That was our challenge: we needed to gain their trust. But how? We decided to educate the local business community about storage. Your first thought might be the same as mine: who would be interested in learning about storage? You would be surprised!
I started volunteering to speak at networking meetings, educating people about what to look for when seeking storage, the importance of having your goods protected or insured, and all about auctions and how people end up in that position. I encouraged them to always visit a facility before they rented. I acknowledged we may not be the facility for you, due to location or needs, but we would help you find a place that would be best for you or your family or friends. It always amazed me the amount of questions people had and I realized very quickly the importance of the education I was giving.
Earlier I said that only 10% of the population needs storage, but how many of the remaining 90% will need storage sometime in the future, whether it is short or long term, is yet to be determined. That means we need to market for the future, so that when someone needs storage, they think of River Crossing Self-Storage in Avondale.
To put us top of mind, we use a wide variety of marketing methods. In addition to monthly direct mailings in our community, through the post office called EDDM, we actively market the facility using social media, especially Facebook and Instagram.
My company continues to make improvements to my website, SEO, and where I rank on Google. I make sure that my Facebook page is always up to date and post on it consistently with all kinds of things, from storage tips, to thanking vendors for a job well done, to advertising an upcoming event, or simply advertising the site.
I have had great response to my auctions advertised on Facebook. Turn out shows that the community knows who we are and are likely to think of us when they need storage. In short, keep your name top of mind, so when they need storage, they think of you first.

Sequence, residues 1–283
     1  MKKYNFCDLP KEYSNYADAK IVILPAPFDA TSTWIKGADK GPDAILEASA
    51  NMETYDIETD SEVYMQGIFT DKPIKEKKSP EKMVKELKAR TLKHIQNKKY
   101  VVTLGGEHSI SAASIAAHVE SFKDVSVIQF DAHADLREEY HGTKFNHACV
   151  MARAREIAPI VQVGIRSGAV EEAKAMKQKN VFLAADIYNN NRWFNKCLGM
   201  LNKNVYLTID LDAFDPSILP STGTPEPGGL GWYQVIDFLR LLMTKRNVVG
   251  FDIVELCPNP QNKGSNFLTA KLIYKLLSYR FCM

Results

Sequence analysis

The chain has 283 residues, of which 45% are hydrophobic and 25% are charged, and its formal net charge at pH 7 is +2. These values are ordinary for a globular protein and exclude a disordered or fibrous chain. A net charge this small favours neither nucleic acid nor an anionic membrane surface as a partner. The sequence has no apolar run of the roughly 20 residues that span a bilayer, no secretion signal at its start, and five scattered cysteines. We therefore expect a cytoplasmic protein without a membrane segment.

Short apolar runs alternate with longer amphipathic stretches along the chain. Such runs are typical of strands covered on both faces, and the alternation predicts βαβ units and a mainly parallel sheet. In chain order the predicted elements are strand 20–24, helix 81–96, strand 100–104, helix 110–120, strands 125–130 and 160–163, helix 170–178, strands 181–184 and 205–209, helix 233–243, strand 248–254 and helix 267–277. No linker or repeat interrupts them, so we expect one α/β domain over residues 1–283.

Online reviews have become extremely important and I ask for reviews all the time. People expect to see online reviews. When we respond promptly to reviews, good or bad, our reputation on the web, and our search results, improve. By committing to this as facility managers, with the owners’ commitment as well, River Crossing Avondale has greatly increased our star rating and review count in the past year.
I have events on my property, like “garage sales” from the units, which gives me the opportunity:
What else does this do for me? It keeps my name out there and it brings people onto the property, people who otherwise would not have known we were there.
The events take a lot of work, but they great results, and I keep doing them because people ask when the next event will be and how they can get involved. It has become something not only my customers expect and get excited about, but also non-profits in my community, who ask if they can be my next featured charity.
You may think a community garage sale like this would cause you to lose customers, but in five years, only two have moved out – and their move out notices were already on the books before the event.
I firmly believe that giving back to the community and
helping your customers is a win-win for everyone.
Marketing is not just leaving your facility and going out into the community. You need to market in your own facility. Keep it clean, so it looks taken care of: your office, your lot, and yourself!
I want everyone who comes to our office to have a good experience, even if I could not provide them with what they need. At the very least, we can provide them this: we always have hot coffee, cold water, and a candy dish.